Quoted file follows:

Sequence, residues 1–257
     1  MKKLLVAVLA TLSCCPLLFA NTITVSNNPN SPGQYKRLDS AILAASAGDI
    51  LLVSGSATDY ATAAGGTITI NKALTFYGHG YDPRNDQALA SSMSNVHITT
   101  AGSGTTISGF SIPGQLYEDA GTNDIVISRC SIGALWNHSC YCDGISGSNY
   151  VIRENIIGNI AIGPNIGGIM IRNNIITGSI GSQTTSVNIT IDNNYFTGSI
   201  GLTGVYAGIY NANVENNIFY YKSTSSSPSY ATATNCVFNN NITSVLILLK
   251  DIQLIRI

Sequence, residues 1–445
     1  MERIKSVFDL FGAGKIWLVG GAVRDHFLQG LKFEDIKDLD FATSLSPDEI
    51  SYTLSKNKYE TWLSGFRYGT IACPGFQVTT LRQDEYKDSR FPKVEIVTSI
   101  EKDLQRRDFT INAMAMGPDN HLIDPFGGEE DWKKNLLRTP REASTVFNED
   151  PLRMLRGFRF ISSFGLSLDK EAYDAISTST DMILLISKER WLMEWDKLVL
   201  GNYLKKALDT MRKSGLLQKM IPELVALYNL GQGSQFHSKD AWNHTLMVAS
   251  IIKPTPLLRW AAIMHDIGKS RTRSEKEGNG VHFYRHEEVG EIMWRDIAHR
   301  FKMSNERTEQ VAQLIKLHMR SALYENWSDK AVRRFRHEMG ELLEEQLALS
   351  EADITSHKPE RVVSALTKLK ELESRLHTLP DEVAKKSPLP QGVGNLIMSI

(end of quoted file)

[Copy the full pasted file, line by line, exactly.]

Sequence, residues 1–257
     1  MKKLLVAVLA TLSCCPLLFA NTITVSNNPN SPGQYKRLDS AILAASAGDI
    51  LLVSGSATDY ATAAGGTITI NKALTFYGHG YDPRNDQALA SSMSNVHITT
   101  AGSGTTISGF SIPGQLYEDA GTNDIVISRC SIGALWNHSC YCDGISGSNY
   151  VIRENIIGNI AIGPNIGGIM IRNNIITGSI GSQTTSVNIT IDNNYFTGSI
   201  GLTGVYAGIY NANVENNIFY YKSTSSSPSY ATATNCVFNN NITSVLILLK
   251  DIQLIRI

Sequence, residues 1–445
     1  MERIKSVFDL FGAGKIWLVG GAVRDHFLQG LKFEDIKDLD FATSLSPDEI
    51  SYTLSKNKYE TWLSGFRYGT IACPGFQVTT LRQDEYKDSR FPKVEIVTSI
   101  EKDLQRRDFT INAMAMGPDN HLIDPFGGEE DWKKNLLRTP REASTVFNED
   151  PLRMLRGFRF ISSFGLSLDK EAYDAISTST DMILLISKER WLMEWDKLVL
   201  GNYLKKALDT MRKSGLLQKM IPELVALYNL GQGSQFHSKD AWNHTLMVAS
   251  IIKPTPLLRW AAIMHDIGKS RTRSEKEGNG VHFYRHEEVG EIMWRDIAHR
   301  FKMSNERTEQ VAQLIKLHMR SALYENWSDK AVRRFRHEMG ELLEEQLALS
   351  EADITSHKPE RVVSALTKLK ELESRLHTLP DEVAKKSPLP QGVGNLIMSI